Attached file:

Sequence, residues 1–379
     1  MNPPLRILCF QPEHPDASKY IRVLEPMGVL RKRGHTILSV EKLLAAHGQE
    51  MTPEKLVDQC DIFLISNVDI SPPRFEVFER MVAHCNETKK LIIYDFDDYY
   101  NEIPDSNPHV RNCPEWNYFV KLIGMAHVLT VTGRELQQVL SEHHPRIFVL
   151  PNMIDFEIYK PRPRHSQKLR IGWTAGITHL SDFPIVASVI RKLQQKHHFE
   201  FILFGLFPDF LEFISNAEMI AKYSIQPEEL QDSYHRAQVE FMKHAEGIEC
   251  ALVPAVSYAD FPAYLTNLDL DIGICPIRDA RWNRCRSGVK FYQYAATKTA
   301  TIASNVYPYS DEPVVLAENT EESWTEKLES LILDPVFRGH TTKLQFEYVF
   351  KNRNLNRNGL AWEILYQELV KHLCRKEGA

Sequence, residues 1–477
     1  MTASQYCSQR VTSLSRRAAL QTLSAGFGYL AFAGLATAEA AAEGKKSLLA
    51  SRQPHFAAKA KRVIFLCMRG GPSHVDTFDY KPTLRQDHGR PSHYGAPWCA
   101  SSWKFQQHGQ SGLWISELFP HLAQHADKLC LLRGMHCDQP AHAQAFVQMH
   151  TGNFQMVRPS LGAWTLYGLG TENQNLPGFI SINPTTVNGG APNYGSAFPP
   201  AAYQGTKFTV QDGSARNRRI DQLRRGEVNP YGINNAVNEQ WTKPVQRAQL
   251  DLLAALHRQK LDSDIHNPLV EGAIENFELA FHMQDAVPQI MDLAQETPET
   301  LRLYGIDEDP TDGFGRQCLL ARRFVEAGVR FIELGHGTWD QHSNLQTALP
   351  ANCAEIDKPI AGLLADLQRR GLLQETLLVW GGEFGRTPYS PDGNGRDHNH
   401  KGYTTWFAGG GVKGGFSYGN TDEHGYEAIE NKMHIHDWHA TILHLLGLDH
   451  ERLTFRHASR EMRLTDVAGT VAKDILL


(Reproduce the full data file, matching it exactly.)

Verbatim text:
Sequence, residues 1–379
     1  MNPPLRILCF QPEHPDASKY IRVLEPMGVL RKRGHTILSV EKLLAAHGQE
    51  MTPEKLVDQC DIFLISNVDI SPPRFEVFER MVAHCNETKK LIIYDFDDYY
   101  NEIPDSNPHV RNCPEWNYFV KLIGMAHVLT VTGRELQQVL SEHHPRIFVL
   151  PNMIDFEIYK PRPRHSQKLR IGWTAGITHL SDFPIVASVI RKLQQKHHFE
   201  FILFGLFPDF LEFISNAEMI AKYSIQPEEL QDSYHRAQVE FMKHAEGIEC
   251  ALVPAVSYAD FPAYLTNLDL DIGICPIRDA RWNRCRSGVK FYQYAATKTA
   301  TIASNVYPYS DEPVVLAENT EESWTEKLES LILDPVFRGH TTKLQFEYVF
   351  KNRNLNRNGL AWEILYQELV KHLCRKEGA

Sequence, residues 1–477
     1  MTASQYCSQR VTSLSRRAAL QTLSAGFGYL AFAGLATAEA AAEGKKSLLA
    51  SRQPHFAAKA KRVIFLCMRG GPSHVDTFDY KPTLRQDHGR PSHYGAPWCA
   101  SSWKFQQHGQ SGLWISELFP HLAQHADKLC LLRGMHCDQP AHAQAFVQMH
   151  TGNFQMVRPS LGAWTLYGLG TENQNLPGFI SINPTTVNGG APNYGSAFPP
   201  AAYQGTKFTV QDGSARNRRI DQLRRGEVNP YGINNAVNEQ WTKPVQRAQL
   251  DLLAALHRQK LDSDIHNPLV EGAIENFELA FHMQDAVPQI MDLAQETPET
   301  LRLYGIDEDP TDGFGRQCLL ARRFVEAGVR FIELGHGTWD QHSNLQTALP
   351  ANCAEIDKPI AGLLADLQRR GLLQETLLVW GGEFGRTPYS PDGNGRDHNH
   401  KGYTTWFAGG GVKGGFSYGN TDEHGYEAIE NKMHIHDWHA TILHLLGLDH
   451  ERLTFRHASR EMRLTDVAGT VAKDILL